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Sue Godfrey Nature Park

Find out about the Sue Godfrey Nature Park.

Sue Godfrey and Roy Ramsey

The nature park opened in 1984 and was dedicated in 1994 to the memory of Sue Godfrey, a local resident and devoted environmental campaigner who made a huge contribution to the park and the nearby Crossfield Estate.

Two years later, the ashes of Roy Ramsey, another environmental campaigner, were buried here.


Sue Godfrey Nature Reserve is opposite St. Paul’s Church in Deptford. It has free open access all year and can be entered from all 4 sides.


A mixture of rough grassland, scrub and ruderal vegetation occupy the site. More than 200 species of wild flowers, shrubs and trees have been recorded growing here over the last 15 years. 

Some, particularly trees and shrubs, were planted, but the vast majority have made their own way here, often inadvertently assisted by people.  

There is a cosmopolitan range of plants here including: 

  • the wonderfully-named Shaggy-soldier (a small and rather nondescript member of the daisy family) from South America 
  • the more showy Michaelmas daisy from North America 
  • the uncommon Sulphur cinquefoil from the Mediterranean region 
  • Chinese mugwort 
  • Spanish bluebell 
  • Greek dock 
  • Canadian fleabane 
  • Guernsey fleabane (also known as Sumatran fleabane), which is actually a native of South America 

Plant communities such as this are a product of our interaction with the environment on a global scale, and reflect the history of London and Londoners. Part of Deptford’s industrial, imperial, trading and gardening past is woven into the fabric of this nature park.  


Such a diversity of plants supports a wide variety of insects, including butterflies and grasshoppers.


At least six species of butterflies breed on the site, including:

  • Large, Small and Essex skippers

  • Small tortoiseshell

  • Common blue 

  • Meadow brown

This is a good number for an inner London site, and is likely to increase in the near future.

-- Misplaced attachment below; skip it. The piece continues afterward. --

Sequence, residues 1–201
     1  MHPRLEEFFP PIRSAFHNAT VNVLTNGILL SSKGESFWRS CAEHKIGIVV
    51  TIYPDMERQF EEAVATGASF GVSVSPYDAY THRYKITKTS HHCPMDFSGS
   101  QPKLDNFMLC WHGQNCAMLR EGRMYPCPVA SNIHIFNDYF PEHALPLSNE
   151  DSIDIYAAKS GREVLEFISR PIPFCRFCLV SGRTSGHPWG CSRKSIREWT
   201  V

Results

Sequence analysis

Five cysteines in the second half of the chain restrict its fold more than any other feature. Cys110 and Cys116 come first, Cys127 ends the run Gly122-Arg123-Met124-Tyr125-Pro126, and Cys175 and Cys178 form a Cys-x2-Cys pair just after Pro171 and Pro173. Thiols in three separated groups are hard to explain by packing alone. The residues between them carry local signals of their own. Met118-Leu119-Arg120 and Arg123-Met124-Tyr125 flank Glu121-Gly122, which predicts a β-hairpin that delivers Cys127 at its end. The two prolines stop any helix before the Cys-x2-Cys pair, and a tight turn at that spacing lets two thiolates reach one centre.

Grasshoppers and crickets

The park has one species of grasshopper and one bush-cricket species. The easiest way to distinguish them is by the length of their antennae.

Grasshoppers have:

  • short, stout antennae.

Bush-crickets are:

  • slender and longer than the body.

The Common field grasshopper is a common and widespread species, varying in colour from brown to green and even vivid pink. Its song is the familiar chirrup which can be heard on the site from June to November. 

Roesel's bush-cricket is nationally less-widespread, centred on the Thames estuary, though it is currently expanding, perhaps as a consequence of global warming.  

While grasshoppers bury their eggs below the ground, bush-crickets lay theirs in grass stems.

Management and use 

Much  management is carried out by the Creekside Discovery Centre with help local volunteers and with occasional assistance from our nature conservation section. 

About 50% of the grass is cut every year. This prevents trees and shrubs from overrunning the site. The cuttings are removed to keep nutrient levels low; high nutrient levels allow a few vigorous species to dominate but at the expense of many others. 

Many of the wild flowers here are weed species, which require bare ground to grow. Trees and shrubs are coppiced periodically. This allows light to reach wild flowers, and produces dense regrowth which is ideal for nesting birds.


This area  became a nature park in 1984 after lengthy campaigning by local residents. 

For many years it was designated as temporary open space. Residents and environmental groups had to fight off many proposals for housing.

The Council owns the site, and we recognised its permanent value for wildlife in the Unitary Development Plan of 1996 and designated it as Local Nature Reserve in 2005.  

Objects from the past

The park contains clues to and reminders of the uses it was put to in the past.

The kerb stones and street lamps in the large field are left over from the lorry park.

If you look under the lamp post on the Berthon Street side, you will find a rose bush, which has grown from a seed deposited by a bird sitting on the lamp.

In the middle of the site is a wall made of pottery fragments and mortar. This is all that remains above ground of the Gibbs and Canning pottery works, demolished in 1967. There had been a pottery on the site since 1682.


Nature Conservation Officer